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Like the heraldic devices of Europe, Japanese family crests developed as the battlefield insignia of feudal nobles and warriors during the 12th century. Over time they were adopted and altered by institutions, businesses and the common people. The subdued, monochromatic crests draw from a number of simple motifs- mostly animals and insets, natural phenomena, abstract designs, symbols and ideographs, man-made objects, and plants. They range from quite literal depictions-an anchor or a fan, for instance-to highly stylized ones, such as Mr. Fuji in the mist. Crests are still a valued part of Japan's aesthetic wealth, and virtually every Japanese family has one, although most now display these elegant symbols only during formal occasions.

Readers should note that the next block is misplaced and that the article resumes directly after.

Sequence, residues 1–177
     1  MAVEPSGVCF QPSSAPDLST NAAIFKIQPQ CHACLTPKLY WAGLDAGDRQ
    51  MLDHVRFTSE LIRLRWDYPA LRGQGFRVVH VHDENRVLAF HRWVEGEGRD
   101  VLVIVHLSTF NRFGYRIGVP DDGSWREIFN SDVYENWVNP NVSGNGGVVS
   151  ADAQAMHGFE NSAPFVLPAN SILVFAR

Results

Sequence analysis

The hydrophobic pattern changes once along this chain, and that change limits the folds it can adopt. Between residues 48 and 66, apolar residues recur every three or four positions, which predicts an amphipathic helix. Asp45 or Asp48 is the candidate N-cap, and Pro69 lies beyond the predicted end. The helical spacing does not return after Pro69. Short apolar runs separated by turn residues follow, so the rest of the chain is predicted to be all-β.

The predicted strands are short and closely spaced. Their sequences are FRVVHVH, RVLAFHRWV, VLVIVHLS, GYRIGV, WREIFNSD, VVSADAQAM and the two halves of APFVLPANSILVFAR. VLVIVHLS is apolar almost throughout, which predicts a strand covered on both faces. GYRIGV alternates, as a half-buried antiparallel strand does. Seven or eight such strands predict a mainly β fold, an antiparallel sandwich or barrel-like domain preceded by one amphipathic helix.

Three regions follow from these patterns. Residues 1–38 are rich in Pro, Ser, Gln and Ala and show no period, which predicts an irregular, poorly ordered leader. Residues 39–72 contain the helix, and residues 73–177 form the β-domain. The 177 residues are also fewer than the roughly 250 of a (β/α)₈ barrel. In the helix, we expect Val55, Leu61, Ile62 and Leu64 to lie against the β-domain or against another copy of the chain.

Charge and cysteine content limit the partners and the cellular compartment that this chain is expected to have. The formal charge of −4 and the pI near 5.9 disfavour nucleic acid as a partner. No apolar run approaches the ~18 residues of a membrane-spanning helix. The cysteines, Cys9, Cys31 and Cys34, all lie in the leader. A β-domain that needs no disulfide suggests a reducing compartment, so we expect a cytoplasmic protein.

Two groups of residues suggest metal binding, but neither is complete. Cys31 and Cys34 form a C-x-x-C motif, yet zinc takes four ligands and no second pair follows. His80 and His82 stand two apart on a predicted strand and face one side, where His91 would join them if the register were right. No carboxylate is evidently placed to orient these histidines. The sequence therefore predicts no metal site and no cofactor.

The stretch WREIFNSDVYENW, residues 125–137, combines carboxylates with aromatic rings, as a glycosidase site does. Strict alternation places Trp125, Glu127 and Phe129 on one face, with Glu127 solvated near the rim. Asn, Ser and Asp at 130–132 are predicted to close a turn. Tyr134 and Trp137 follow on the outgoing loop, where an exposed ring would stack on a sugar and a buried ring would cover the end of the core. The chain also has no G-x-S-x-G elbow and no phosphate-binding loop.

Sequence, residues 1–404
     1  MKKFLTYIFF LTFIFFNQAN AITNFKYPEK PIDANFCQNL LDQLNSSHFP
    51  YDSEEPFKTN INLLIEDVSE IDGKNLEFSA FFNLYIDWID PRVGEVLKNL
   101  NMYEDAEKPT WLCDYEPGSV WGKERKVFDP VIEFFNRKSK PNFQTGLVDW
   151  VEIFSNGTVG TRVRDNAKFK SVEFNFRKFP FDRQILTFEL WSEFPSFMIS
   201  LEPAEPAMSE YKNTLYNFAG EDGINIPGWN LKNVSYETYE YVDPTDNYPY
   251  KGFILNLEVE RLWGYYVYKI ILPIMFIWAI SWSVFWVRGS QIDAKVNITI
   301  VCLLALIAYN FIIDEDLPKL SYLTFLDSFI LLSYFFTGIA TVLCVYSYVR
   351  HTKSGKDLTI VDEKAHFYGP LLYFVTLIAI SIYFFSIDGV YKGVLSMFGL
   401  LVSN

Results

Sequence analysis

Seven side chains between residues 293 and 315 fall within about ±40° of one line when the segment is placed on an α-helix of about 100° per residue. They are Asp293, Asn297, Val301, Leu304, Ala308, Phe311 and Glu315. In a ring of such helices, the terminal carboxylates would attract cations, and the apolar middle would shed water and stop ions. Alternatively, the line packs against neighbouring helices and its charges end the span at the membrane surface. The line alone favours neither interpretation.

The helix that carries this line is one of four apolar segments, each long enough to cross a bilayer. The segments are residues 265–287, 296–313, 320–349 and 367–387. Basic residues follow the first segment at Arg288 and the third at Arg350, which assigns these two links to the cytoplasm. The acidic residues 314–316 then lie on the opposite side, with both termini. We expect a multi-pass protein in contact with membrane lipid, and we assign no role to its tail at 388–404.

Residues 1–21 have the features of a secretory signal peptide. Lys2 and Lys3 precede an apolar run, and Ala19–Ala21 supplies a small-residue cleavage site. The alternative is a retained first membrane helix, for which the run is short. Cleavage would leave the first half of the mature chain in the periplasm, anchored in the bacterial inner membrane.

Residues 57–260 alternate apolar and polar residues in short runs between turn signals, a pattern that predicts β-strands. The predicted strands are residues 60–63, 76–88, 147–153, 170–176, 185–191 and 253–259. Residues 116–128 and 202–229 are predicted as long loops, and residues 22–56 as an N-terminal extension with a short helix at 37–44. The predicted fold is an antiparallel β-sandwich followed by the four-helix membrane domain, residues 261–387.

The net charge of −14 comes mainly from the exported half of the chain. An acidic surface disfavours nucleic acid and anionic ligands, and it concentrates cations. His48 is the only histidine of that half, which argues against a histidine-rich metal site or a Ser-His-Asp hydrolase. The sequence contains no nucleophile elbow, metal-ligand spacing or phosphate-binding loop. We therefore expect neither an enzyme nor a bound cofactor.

More about Kamon

4. Maruni Nobori Fuji
(Ascending Wisteria in Circle)
Wisteria: iFUJI)
Because the flowers' name sounds just like s FUSHI (No death) and BUJI (Safe, peace),Samurai love this flower as their family crests.
Also, the way of the flower's propagation is just like family clan's big family tree.
Fujiwara clans, one of the most strong family used the Kamon of Wisteria.

43. Maruni Tsuru no Maru
(Round Crane in Circle)
Crane: (Tsuru)
Crane has been a symbol of longevity from ancient time.

cf. Turtle T (kame)
Turtle is also a symbol of longevity.

36. Maruni Mitsu Uroko
(Three scales in Circle)
Scales: ؁iUROKO)
As believed to scales protect you from evils.
Mitsu-uroko was used for Houjou clan's kamon. This is because the Houjou Tokimasa dreamed of a beautiful lady who was incarnation of a serpent, when he wishes for his clan's prosperity. The lady left three scales after she disappeared.

c.f. Komon of Scales